Sheaffer first introduced its Skript ink back in 1922. At the time, Sheaffer sold Skrip as a near product, an improvement over the current fountain pen ink. I used to have one of the old Skript ink bottles with the metal lids and the handy well for filling a pen. I used the Blue Black and Peacock Blue (remember that name) ink in some of my first pens.
In the 1990 Sheaffer closed its plan that made ink in the USA. In 2002 the started to have their ink manufactured in Slovenia and it was sold in an updated cone-shaped bottle. The updated bottle had a plainer label, and a nib pointing up. Then in 2011 they updated the bottle with a band of colour meant to represent the colour of the ink, and the classic sheaffer nib is on the right side pointing down.
I had tried some of the inks on the first switch to production in Solvenia, but found them to be thin, watery and lacking good colour depth. As such I did not use the ink and never recommended it to others.
I recently met the local sales representative for Sheaffer and he asked me what I thought of Sheaffer ink. I told him my view. Don't like them, find them watery, colour tones too light.
He was surprised and asked me to write with his pen. I did, and the Blue ink looked good. My first response/defense, was that his pen was a medium nib, and I use mainly broads, and the ink would not be able to perform in a similar method producing a broader stroke.
I was given the challenge. Use the line of inks and then draw my conclusion. So I called this "My Week with Sheaffer" - kind of a play on the movie My Week with Marilyn. Off I went with a bottle of each colour. The only colour I did not get was the Blue Black.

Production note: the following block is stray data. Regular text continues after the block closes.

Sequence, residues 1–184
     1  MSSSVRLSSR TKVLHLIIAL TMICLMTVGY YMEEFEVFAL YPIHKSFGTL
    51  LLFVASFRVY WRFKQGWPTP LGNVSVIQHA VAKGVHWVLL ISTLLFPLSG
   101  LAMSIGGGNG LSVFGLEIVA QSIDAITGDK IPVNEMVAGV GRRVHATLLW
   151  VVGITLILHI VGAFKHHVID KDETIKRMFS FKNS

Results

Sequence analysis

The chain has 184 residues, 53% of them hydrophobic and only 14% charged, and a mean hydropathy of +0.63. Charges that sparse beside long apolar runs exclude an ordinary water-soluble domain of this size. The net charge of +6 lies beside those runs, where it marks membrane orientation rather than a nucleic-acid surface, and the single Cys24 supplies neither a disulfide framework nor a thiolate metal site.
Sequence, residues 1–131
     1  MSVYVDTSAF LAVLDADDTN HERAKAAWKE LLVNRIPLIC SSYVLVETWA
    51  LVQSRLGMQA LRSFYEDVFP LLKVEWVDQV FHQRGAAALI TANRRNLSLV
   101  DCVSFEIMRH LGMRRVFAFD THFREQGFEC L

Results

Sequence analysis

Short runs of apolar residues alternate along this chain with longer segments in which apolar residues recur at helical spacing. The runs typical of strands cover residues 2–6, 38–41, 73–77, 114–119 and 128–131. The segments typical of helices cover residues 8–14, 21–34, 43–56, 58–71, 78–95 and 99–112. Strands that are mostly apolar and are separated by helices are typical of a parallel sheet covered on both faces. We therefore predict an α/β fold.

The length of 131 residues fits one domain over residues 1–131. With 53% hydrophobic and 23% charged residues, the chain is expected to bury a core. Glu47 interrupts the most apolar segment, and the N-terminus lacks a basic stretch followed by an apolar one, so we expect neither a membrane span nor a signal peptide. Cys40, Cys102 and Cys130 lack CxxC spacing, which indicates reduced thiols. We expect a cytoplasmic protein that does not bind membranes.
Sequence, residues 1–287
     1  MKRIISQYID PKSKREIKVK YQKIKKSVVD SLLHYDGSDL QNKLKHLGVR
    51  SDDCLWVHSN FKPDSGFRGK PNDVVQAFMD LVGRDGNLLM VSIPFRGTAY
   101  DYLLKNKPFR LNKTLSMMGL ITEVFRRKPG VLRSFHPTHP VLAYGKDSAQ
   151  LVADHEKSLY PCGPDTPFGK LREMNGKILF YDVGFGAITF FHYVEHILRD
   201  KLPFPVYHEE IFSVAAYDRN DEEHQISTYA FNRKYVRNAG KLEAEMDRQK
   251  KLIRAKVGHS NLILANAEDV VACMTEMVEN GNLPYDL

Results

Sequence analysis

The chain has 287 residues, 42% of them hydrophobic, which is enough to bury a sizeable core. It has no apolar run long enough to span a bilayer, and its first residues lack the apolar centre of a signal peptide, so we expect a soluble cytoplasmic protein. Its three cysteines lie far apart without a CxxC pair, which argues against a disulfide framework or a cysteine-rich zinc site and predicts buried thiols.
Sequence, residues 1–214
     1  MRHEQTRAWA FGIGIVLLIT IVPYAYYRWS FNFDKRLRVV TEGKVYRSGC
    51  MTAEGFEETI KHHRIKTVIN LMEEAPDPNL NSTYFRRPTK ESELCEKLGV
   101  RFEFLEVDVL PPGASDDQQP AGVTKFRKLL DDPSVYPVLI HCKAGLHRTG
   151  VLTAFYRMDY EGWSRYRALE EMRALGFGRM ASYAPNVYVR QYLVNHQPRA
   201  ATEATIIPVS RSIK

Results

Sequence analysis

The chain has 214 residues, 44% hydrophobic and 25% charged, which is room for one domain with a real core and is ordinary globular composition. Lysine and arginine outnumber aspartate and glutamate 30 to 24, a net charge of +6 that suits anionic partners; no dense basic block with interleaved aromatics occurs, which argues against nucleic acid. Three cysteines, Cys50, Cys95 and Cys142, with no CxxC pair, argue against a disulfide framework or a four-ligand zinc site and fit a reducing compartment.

For the next week I loaded various pens with Sheaffer inks. I used various brands of pens that included Montegrappa, Delta, OMAS, Waterman, Laban, Stipula all with different nibs, primarily broad but some stubs and even a medium.
Overall I was surprised... pleasantly surprised. The inks had a bit more punch in terms of colour. They all performed well. Below are comments on the colours I test.
My only wish is that they would have selected a different design of the bottle.
Bottle design is an important issue as it impacts the ability to get all the ink out of the bottle. Sheaffer has a relatively low bottle, versus taller and narrower, and the bottle gets wider at the base than the top. This is great for stability of the bottle on the desk, but means that more ink sits in the bottom of the bottle that at the upper portion of the bottle. No problem with the first couple of fills, but if you use a big pen, with a big nib, as the ink goes down, it becomes impossible to submerge the nib in the ink and get a good secure fill.
Some manufactures like Waterman, or OMAS has various flat sides along the bottle that support tilting the bottle when the ink level gets low.